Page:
In most of the developed countries, the COVID-19 curve has flattened but this obscures a tragic reality that the second phase of the crisis has begun. As the virus has spread to the developing world, several developing countries as well as many emerging economies, led by Brazil, India, Russia and Chile, are experiencing largest new confirmed infections. The resulting devastation will likely reverse years if not decades of economic progress.
At first, it was expected that the developing world was being spared the worst of the Pandemic. Heat may have some effects in reducing the virus. The outbreak of coronavirus is very less likely to penetrate in the developing world because of its less connection for travel and trade as compared to the initial hot spots which were China and Europe.
Brooking Institutes report, as of April 30th, with 84 % of the world’s population low income countries were confronted with just 14% of the world’s known COVID-19 deaths. On the contrary, high-income countries took the lead by reaching 86%. Later, it was realized that several reasons are there for this low death rate in developing countries. It can be explained in part by a lack of testing and failure of diagnosis. There may be other factors such as a large share of nursing home deaths accounted for in wealthy countries which is uncommon in poor countries.
Over the last few months, coronavirus has moved slowly but steadily across South Asia, Africa and Latin America. Brazil has about 1,000 recorded deaths a day and the cases have risen exponentially. Apart from South Africa, the surge in confirmed cases has not been seen in other African Countries. The Wall Street Journal proved the proliferation/penetration of disease by reporting that the grave diggers are running out of space in northern Nigerian cities. They are resorting to burying bodies in the tiny spaces between existing graves or placing multiple bodies together in single graves.
The world has come to an economic stand still. What does the future hold, is unknown
If the curve in these countries does not start flattening, the damage will be worse than anything we have seen in the world. The population density and sanitary conditions make the rapid spread of disease inevitable. In India, a fifth of all known cases come from Mumbai, where around million people are residing in a slum which is 30 times more populated than New York City. Africa’s largest City Lagos has had relatively new infections so far where 2/3 of its inhabitants live in slums many take crowded buses to work means that it is likely only a matter of time before the number rises. Hospital facilities in lower income countries are scarce. In Bangladesh, there are eight hospital beds for every 10,000 people which is a quarter as much as the USA and 8th as much as the European Union. There are fewer than 2000 ventilators across 41 African countries, compared to a 170,000 in the USA. In many of these countries, large segments of population make just enough each day to feed themselves and families. So governments face a deadly dilemma. If you shut down the economy, people will starve. If you keep it open, the virus will spread. The effects of pandemic will be brutal for the emerging economies. Then they will face a debt crisis which will hit the developing world very hard. The US, Europe, Japan and China also face economic setbacks but it will be ameliorated by massive government spending. These countries can borrow trillions of dollars at low interest rate with relative ease. That is not the case in poor countries; those are already trapped in a debt crisis. They have to borrow loans in dollars which must be paid back in their rapidly depreciating currency. In return, they will fall prey to hyperinflation. Over the last few decades, trade has been accelerated because closely evolved ties among several countries globally. The emerging economies grew at a rapid pace and standard of living rose. Even after the global financial crisis, developing countries recovered faster than the rich ones.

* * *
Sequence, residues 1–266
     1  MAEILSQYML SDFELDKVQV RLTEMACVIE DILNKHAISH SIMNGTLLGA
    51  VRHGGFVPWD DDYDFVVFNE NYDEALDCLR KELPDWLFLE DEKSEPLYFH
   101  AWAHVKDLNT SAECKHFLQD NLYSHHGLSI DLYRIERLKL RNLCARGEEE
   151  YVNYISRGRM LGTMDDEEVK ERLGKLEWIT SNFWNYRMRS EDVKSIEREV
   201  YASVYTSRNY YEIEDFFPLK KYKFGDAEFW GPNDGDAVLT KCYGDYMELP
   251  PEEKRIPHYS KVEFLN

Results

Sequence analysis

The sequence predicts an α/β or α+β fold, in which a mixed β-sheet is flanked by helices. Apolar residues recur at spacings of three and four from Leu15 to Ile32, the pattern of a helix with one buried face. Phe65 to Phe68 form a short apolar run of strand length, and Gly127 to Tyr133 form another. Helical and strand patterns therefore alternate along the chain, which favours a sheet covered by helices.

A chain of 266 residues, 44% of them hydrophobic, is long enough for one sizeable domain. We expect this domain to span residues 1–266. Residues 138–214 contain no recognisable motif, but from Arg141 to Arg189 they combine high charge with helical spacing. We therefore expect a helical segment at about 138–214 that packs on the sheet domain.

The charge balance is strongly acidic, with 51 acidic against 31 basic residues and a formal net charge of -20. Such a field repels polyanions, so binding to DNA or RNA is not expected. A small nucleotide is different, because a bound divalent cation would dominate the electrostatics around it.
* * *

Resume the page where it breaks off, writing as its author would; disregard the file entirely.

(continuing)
A massive reduction in extreme poverty was the reality of 21st century. From 1090 to 2010, the share of humanity living on less than a 1.25 dollar a day was cut in half. This UN Millennium Development Goal was attained five years ahead of schedule. Now the work of decades is being undone in months. Coronavirus could derail decades of progress in the developing world. Various studies estimate that somewhere between 100 and 400 million people will be pushed back into extreme poverty. In this the most crucial measure of human progress we are moving backwards and fast.
The world has come to an economic stand still. What does the future hold, is unknown. The giants of the world are trying to solve this massive financial and economic puzzle. The third world countries are in utter bewilderment and quite rightly so, looking at the superpowers for some direction and solution. There has to be measures taken to overcome this mess of a situation. HOW, WHO AND WHEN are the real questions. Let’s hope there would eventually be some silver lining to this darkest of the clouds..
This writer is a PhD scholar and is teaching in a private college and various private universities